How to COVID-proof the grocery line, classroom, and orchestra
Despite effective vaccines, it has become clear that SARS-CoV-2 will not fully disappear anytime soon. At the 74th Annual Meeting of the APS Division of Fluid Dynamics, physicists and engineers will present innovative ways to avoid clouds of coronavirus whether waiting in line, going to class, listening to the opera, or encountering people elsewhere.
The researchers will share the latest results on reducing indoor viral transmission in crowded settings and take questions from journalists at a live virtual press briefing on Monday, November 22, 2021.
One of the researchers, University of Massachusetts Amherst physicist Varghese Mathai, and his group mounted 3-D-printed dummies on a conveyor belt to model airflow in a line of people.
They studied how waiting in a queue for prescriptions or groceries is more than an annoying activity—it is also a highly understudied location that can be a hotbed for pathogens spreading human to human.
"This study establishes some of the counterintuitive airborne transmission mechanisms that exist in public waiting lines—from voting lines, to supermarket and airport lines, to COVID-19 testing lines," said Mathai.
They found that periodic movements—when the entire line shifts one person forward—can actually cause aerosol transmission.
"We propose some strategies to reduce this cross contamination, measures that go beyond the six-foot guideline currently in place," said Ruixi Lou, an undergraduate who works with Mathai.
Heading into winter, another concerning location for viral transmission is classrooms. Opening windows is often impossible due to cold temperatures, and forced ventilation often prohibitively expensive. As a consequence, health risks are high.
"Dead zones can form in ventilated spaces and could become breeding grounds for airborne diseases," said Rao Kotamarthi, a Senior Scientist and air quality expert at Argonne National Laboratory. "If small aerosol particles containing a high viral density accumulate in these regions, an entire classroom could become infected."
Kotamarthi and his group from Argonne and the University of Illinois at Urbana-Champaign will share initial results at the meeting.
Simulations show that heating in the winter and air conditioning in the summer affect the size of dangerous dead zones in different ways. The temperature difference between incoming air and air inside a room reduces air mixing where students sit.
"We suggest cost-effective ways to improve the ventilation and mixing and stem the spread of airborne diseases in classrooms," said Kotamarthi.
Early in the pandemic, researchers discovered that singing and wind instruments spewed respiratory droplets aggressively. Now a collaboration between Princeton University, the Université de Montpellier, and the Metropolitan Opera Orchestra has developed new ways to safely enjoy live musical performance.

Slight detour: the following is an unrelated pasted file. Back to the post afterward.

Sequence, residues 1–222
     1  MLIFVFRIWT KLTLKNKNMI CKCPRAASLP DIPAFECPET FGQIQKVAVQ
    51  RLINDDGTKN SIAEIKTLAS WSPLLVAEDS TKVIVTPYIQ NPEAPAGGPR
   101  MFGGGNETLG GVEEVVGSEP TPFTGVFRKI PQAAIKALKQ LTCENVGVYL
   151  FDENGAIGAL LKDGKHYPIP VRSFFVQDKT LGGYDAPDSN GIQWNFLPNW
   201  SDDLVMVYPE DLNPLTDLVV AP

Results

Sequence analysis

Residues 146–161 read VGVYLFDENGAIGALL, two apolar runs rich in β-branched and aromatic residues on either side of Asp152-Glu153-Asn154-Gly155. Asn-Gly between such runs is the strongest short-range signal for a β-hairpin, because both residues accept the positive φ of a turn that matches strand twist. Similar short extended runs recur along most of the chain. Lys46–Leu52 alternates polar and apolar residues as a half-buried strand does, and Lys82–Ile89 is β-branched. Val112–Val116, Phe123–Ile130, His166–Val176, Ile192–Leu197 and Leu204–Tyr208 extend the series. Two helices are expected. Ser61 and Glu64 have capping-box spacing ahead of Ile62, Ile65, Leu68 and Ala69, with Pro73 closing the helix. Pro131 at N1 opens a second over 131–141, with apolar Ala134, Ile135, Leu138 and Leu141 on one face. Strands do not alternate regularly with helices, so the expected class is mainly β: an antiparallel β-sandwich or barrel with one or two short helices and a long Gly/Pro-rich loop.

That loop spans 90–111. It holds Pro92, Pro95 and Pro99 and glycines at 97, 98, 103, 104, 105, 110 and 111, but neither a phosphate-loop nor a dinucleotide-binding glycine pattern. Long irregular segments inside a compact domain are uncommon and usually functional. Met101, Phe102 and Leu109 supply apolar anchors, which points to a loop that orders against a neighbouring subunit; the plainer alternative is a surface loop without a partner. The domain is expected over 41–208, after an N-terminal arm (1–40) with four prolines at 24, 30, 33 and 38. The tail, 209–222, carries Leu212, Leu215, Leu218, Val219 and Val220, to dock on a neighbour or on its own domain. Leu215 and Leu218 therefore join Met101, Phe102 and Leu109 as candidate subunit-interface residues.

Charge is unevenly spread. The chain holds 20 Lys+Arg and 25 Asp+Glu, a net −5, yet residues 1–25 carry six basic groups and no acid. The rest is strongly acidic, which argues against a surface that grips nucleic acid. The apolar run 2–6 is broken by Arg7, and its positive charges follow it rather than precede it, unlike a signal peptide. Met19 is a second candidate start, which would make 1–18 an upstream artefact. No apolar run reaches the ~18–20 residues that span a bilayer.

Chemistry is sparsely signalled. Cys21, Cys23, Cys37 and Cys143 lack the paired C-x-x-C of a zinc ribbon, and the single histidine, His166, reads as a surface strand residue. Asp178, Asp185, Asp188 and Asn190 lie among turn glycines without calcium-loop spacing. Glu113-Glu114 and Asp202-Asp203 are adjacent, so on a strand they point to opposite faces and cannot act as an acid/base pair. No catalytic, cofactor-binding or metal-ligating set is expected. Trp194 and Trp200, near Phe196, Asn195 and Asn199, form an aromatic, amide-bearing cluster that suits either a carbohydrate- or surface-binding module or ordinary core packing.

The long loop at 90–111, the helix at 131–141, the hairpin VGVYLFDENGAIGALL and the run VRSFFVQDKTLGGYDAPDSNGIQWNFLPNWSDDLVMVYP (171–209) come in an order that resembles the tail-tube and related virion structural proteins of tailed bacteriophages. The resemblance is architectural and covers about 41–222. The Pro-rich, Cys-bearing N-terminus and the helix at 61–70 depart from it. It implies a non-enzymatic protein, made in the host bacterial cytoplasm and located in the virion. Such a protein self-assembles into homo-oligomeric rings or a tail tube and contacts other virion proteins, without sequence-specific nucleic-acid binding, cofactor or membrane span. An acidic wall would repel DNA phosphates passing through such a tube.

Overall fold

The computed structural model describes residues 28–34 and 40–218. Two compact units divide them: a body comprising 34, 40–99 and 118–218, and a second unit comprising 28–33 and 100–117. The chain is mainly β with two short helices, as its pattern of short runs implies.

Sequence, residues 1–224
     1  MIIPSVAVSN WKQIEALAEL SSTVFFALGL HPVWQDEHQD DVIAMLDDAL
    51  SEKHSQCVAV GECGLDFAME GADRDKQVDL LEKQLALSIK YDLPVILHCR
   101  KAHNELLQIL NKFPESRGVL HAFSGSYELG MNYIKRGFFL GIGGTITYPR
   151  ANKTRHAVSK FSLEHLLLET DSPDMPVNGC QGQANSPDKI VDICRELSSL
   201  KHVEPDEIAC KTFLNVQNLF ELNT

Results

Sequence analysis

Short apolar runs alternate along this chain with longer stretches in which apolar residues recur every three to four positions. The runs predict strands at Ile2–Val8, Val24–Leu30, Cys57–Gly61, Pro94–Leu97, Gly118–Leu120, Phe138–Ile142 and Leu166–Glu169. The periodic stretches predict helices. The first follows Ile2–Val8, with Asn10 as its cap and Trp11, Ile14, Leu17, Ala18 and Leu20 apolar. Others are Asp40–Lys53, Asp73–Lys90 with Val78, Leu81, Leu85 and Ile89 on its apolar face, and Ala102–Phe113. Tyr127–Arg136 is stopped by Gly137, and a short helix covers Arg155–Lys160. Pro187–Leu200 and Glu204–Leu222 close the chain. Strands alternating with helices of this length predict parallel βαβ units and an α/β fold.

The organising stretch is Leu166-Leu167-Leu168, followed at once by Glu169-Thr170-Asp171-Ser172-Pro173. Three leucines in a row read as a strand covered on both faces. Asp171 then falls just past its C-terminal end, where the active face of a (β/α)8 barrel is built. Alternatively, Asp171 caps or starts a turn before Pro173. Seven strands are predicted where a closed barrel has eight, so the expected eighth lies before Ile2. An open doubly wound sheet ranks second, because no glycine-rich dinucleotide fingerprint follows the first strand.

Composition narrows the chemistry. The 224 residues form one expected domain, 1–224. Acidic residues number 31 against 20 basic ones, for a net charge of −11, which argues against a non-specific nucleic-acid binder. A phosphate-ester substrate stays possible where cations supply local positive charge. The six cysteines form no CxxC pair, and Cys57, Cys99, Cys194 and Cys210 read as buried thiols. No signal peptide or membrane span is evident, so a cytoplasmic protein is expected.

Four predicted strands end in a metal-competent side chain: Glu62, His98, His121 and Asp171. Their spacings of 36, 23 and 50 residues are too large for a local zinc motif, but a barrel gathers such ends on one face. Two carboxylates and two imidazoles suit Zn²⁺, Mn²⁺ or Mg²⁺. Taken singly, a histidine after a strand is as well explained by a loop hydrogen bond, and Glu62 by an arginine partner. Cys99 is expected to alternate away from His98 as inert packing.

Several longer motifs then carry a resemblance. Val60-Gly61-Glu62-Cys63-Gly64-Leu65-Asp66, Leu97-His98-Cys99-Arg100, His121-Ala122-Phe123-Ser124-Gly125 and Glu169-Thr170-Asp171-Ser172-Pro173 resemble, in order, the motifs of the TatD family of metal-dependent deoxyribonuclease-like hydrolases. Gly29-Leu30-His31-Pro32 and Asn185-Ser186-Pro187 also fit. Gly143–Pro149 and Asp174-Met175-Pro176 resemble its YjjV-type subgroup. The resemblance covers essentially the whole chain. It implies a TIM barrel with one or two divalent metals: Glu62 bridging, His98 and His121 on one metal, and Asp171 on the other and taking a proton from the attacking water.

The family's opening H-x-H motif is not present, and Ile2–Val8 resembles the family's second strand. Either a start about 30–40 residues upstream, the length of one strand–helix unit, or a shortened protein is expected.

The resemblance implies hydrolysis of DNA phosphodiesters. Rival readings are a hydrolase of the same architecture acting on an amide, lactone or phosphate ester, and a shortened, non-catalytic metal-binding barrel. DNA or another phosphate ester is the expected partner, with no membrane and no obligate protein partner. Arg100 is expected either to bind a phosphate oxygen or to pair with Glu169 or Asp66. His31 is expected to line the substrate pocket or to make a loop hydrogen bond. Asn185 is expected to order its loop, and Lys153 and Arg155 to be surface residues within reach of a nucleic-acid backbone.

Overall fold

Professional opera singers and musicians performed live, and scientists tracked their exhaled air. Surprisingly, the singers' intense breath control meant they usually generated slower, safer air flows than an everyday person breathing would.
"Within an orchestra, we identify a few situations where rapid air jets might enhance the transport of pathogenic droplets and cause an enhanced risk of contamination. The rapid air flows can be strongly reduced by the use of a face mask and by covering the bell of the wind instruments," said Princeton postdoctoral engineer Philippe Bourrianne, who will present the study.
The study has been accepted by Physical Review Fluids.
Viral spread, however, is not limited to specific locations like an opera house. Wherever you encounter people, there is some risk that they—or you—could transmit a disease like COVID-19. So Alfredo Soldati, Director of the Institute of Fluid Mechanics at TU Wien, led a project to map virus exposure in different seasonal environments, with varying temperatures and humidity levels.
"By providing visualizations of the spatial distribution of the virus copies, we highlight the high infection risk associated with droplets that remain airborne in the near proximity of an infected individual," he said.
In a publication earlier this fall, Soldati and colleagues from the University of Padova, the Okinawa Institute of Science of Technology, and his own institution used simulations to create maps of where respiratory droplet clouds form in a wide range of scenarios.
"We have developed an effective yet simple framework capable of predicting the infection risk in different environmental conditions and respiratory activities," Soldati said.
Jietuo Wang et al, Short-range exposure to airborne virus transmission and current guidelines, Proceedings of the National Academy of Sciences (2021). DOI: 10.1073/pnas.2105279118